Revealing the city's first example of a mixed-use building near Lido Marina Village, the council tentatively approved plans to convert an office building to a residential-office mix. The bayfront building, at 3388 Via Lido, would have two condominiums above office space. It requires special approval because the zoning ordinance that would allow such a mix of uses has not yet been approved by the city.

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FHA launches refi program for underwater borrowers

The Federal Housing Administration (FHA) last week provided details on its “FHA Short Refinance” program that will enable lenders to provide additional refinancing options to underwater homeowners.  Beginning Sept. 7, the FHA is offering eligible underwater non-FHA borrowers the opportunity to qualify for a new FHA-insured mortgage.

Participation in FHA's refinance program is voluntary and requires the consent of all lien holders. To be eligible for a new loan, the homeowner must owe more on their mortgage than their home is worth and be current on their existing mortgage. The homeowner must qualify for the new loan under standard FHA underwriting requirements and have a credit score greater than or equal to 500. The property must be the homeowner's primary residence and the borrower's existing first lien holder must agree to write off at least 10 percent of their unpaid principal balance, bringing that borrower's combined loan-to-value ratio to no greater than 115 percent.

Additionally, the existing loan to be refinanced must not be an FHA-insured loan, and the refinanced FHA-insured first mortgage must have a loan-to-value ratio of no more than 97.75 percent. Interested homeowners should contact their lenders to determine if they are eligible and whether the lender agrees the write down a portion of the unpaid principal.

More info.

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Wednesday, August 11, 2010

Newport Beach succulents

Étta finishing up our State of California year end taxables

3 Reasons Why a Ban on E-waste Exports is Wrong

  • Given the increased use of electronics, the problem of e-waste is bound to get worse.
  • But trade bans can cut jobs and push recycling to the black market.
electronic waste recycling factory

Workers dismantle old computers and electronics at E-Parisara, an electronic waste recycling factory, 28 miles from Bangalore, India. Click to enlarge this image.
Uriel Sinai/Getty Images

Three Reasons Why a Ban on E-waste Exports is Wrong

You have no doubt seen images like the following: an Asian child sorting through in a pile of junk electronics, a young Nigerian burning bundles of copper wires, an Indian woman soaking circuit boards in acid.

It’s a fact that computers and other electronics are often exported from rich countries to be recycled in China, India, Thailand and Nigeria by unregistered business operations (“backyard”) that use primitive recycling process. The hazards are serious. The mere presence of these goods can contaminate the air, water and soil. Wire burning emits dioxins and other pollutants; acids can burn.

Backyard recycling is a clear and present danger, and given increased use of electronics around the world, the problem appears slated to get worse without public response.

The prevailing solution bandied about by many is to ban the trade in end-of-life electronics. In fact, the European Union has banned exports of end-of-life electronics. The U.S. Congress is currently considering H.R. 2595, a bill that would ban the export of end-of-life electronics from the United States. China, India and Indonesia have largely banned imports of used and scrap electronics. And some countries such as Thailand and Mexico only allow imports of used electronics.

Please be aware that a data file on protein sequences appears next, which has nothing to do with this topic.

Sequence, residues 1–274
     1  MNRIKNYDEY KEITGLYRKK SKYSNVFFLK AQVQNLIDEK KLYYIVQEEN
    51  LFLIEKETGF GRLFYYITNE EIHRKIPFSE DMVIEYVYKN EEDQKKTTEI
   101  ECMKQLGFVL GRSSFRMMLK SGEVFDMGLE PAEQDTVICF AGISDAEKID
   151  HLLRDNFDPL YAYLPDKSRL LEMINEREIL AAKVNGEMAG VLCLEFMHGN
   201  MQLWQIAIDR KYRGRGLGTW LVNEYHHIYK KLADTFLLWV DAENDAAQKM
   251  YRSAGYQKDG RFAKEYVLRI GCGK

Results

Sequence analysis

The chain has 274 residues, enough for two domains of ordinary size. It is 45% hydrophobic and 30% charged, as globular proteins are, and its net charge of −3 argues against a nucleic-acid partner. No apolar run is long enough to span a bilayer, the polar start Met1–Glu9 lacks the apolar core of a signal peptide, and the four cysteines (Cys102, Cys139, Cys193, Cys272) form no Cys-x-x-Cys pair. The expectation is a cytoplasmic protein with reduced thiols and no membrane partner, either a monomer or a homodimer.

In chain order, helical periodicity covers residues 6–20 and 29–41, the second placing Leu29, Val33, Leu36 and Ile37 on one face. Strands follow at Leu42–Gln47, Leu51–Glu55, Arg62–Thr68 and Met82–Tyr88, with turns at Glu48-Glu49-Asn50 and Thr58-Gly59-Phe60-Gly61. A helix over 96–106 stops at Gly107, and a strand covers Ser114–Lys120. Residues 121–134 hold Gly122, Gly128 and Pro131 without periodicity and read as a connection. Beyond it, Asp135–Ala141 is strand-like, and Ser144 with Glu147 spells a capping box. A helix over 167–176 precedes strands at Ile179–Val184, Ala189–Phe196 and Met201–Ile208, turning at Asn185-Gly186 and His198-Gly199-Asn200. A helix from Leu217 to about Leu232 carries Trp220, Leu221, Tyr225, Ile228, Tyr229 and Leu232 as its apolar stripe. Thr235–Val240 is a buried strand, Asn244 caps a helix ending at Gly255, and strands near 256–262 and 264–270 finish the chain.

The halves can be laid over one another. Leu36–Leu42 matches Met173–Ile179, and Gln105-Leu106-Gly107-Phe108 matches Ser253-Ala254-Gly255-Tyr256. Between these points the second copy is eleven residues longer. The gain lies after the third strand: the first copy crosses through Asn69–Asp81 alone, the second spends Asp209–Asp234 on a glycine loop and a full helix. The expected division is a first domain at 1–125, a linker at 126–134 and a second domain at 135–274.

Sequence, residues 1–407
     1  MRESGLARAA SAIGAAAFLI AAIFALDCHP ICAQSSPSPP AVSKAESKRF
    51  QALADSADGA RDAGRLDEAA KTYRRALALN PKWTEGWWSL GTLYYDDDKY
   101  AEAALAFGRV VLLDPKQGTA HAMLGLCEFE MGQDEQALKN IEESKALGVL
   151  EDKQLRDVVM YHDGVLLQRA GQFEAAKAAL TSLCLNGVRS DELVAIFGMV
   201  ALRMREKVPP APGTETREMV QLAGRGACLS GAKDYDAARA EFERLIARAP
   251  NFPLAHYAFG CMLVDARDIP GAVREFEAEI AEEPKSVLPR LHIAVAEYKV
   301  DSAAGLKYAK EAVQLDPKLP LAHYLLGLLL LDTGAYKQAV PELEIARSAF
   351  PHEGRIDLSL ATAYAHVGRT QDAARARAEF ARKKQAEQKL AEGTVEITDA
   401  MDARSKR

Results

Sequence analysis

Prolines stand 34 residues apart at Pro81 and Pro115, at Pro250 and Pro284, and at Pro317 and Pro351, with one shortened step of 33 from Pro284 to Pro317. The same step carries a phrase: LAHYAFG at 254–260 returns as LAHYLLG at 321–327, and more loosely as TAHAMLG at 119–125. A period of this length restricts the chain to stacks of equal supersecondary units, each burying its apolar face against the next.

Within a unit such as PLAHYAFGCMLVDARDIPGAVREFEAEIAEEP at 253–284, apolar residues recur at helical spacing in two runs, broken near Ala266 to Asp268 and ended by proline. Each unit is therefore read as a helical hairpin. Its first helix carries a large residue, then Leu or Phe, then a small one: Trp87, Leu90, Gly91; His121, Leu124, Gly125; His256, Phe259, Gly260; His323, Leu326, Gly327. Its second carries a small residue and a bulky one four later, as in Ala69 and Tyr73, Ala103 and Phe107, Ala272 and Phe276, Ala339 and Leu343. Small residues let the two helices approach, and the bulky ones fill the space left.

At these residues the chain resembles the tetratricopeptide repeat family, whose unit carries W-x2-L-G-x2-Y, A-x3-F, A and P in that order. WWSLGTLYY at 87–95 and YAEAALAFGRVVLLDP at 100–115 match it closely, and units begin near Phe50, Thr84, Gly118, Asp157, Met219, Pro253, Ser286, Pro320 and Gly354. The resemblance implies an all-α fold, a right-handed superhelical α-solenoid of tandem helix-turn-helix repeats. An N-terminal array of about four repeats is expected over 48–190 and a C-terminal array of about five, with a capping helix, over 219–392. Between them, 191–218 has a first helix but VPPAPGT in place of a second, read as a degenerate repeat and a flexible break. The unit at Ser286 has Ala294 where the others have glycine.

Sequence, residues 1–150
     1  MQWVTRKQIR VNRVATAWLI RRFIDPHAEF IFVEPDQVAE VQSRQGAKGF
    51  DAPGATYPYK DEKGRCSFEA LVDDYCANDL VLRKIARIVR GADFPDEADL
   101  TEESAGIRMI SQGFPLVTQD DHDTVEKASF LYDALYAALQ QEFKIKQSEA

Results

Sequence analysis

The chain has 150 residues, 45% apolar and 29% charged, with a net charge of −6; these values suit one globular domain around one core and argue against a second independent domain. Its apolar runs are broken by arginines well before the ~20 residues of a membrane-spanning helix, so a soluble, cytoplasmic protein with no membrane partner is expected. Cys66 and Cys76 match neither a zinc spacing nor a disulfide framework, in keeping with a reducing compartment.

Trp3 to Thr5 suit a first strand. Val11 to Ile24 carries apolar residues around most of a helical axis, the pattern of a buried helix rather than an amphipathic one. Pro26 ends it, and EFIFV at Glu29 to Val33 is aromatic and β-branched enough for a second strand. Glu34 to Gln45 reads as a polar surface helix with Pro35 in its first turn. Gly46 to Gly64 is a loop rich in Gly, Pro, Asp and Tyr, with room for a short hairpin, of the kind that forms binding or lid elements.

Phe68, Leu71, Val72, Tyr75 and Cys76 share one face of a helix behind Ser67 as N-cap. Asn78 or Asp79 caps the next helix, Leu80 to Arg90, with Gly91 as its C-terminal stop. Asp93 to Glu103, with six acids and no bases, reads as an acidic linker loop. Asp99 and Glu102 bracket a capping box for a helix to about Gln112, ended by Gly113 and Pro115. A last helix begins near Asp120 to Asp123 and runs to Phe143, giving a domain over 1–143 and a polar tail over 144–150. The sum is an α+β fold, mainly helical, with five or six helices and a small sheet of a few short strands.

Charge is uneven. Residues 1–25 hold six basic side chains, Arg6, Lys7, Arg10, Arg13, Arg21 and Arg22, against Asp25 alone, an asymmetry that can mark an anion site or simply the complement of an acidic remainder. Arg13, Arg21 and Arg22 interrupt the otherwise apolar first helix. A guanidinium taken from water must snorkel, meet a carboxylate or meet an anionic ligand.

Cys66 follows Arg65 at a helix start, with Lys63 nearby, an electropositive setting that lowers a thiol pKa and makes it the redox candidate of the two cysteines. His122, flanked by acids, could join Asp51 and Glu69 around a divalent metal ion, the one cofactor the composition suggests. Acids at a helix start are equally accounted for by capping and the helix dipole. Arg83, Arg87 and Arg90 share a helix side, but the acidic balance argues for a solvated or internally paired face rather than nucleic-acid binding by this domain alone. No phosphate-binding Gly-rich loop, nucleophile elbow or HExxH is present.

But contrary to popular belief, banning electronic waste is not the answer, and here are three big reasons why:

1. Trade bans have negative economic and social impacts by cutting jobs in the refurbishment sector and reducing supply to used markets.

Many people in the developing world make a living from fixing and selling used electronics. Not only is this a source of employment where it is greatly needed, but it also increases access to computers and other electronics that play an important role in the development and education of poor people.

Some export bans such as H.R. 2595 in the United States require that electronics are refurbished in the developed world, making used electronics prohibitively expensive for many, and closing down refurbishment businesses in the developing world.

2. Trade bans push the backyard recycling towards the black market.

While China officially banned imports of end-of-life electronics in 2002, smuggling has replaced official trade and electronics reportedly continues to flow into the country much as before the ban. Substantial amounts of end-of-electronics are still exported from Europe, partly through internal trade within Europe to areas with lax enforcement.

The enforcement challenge also increases the involvement of organized crime. In 2002 members of U.S. environmental NGOs visiting the Chinese town of Guiyu, an informal recycling center, were free to walk the village and interview local workers. Since the ban organized crime has become involved and reporters visiting the town are now driven out.

3. Within a decade, more e-waste will be generated in the developing world compared to the developed, waste that without other interventions will be recycled with high environmental impacts.

The underlying premise of a trade ban is that imports from the developed world are the main problem. But research conducted by myself and my colleagues shows that by around 2016, the developing world will generate more waste computers than the developed world. Global volumes of computer e-waste are expected to triple between 2010 and 2025 and by around 2025, the developing world will generate double the developed world’s waste computers. Not surprisingly, developing Asia, due to its high population and rapid growth, is a major contributor to this future waste stream.

Export bans will not only fail to solve the problem of informal recycling, but also cause negative impacts on vulnerable people in the developing world. A broader policy agenda is needed. Surprisingly, there has been no official policy action to directly clean up the impacts of backyard recycling.

One option could be to divert recycling fees in order to pay backyard recyclers to turn in components that are dangerous to process. The United States and other rich countries have a role to play in providing financial and technical support.

Eric Williams is a professor in the department of civil and environmental engineering in the School of Sustainability at Arizona State University in Tempe. He helps run the IT and Environment Initiative and has testified at a hearing on e-waste held by the U.S. House Committee on Science and Technology. His views are not necessarily the views of Discovery News.

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HVAC boot cleared of Asbestos in Los Angeles